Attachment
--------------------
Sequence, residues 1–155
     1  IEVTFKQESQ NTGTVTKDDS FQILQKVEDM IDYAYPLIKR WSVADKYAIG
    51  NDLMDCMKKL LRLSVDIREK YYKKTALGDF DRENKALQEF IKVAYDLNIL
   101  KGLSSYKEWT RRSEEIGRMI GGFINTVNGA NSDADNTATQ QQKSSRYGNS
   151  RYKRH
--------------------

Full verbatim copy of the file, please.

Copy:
Sequence, residues 1–155
     1  IEVTFKQESQ NTGTVTKDDS FQILQKVEDM IDYAYPLIKR WSVADKYAIG
    51  NDLMDCMKKL LRLSVDIREK YYKKTALGDF DRENKALQEF IKVAYDLNIL
   101  KGLSSYKEWT RRSEEIGRMI GGFINTVNGA NSDADNTATQ QQKSSRYGNS
   151  RYKRH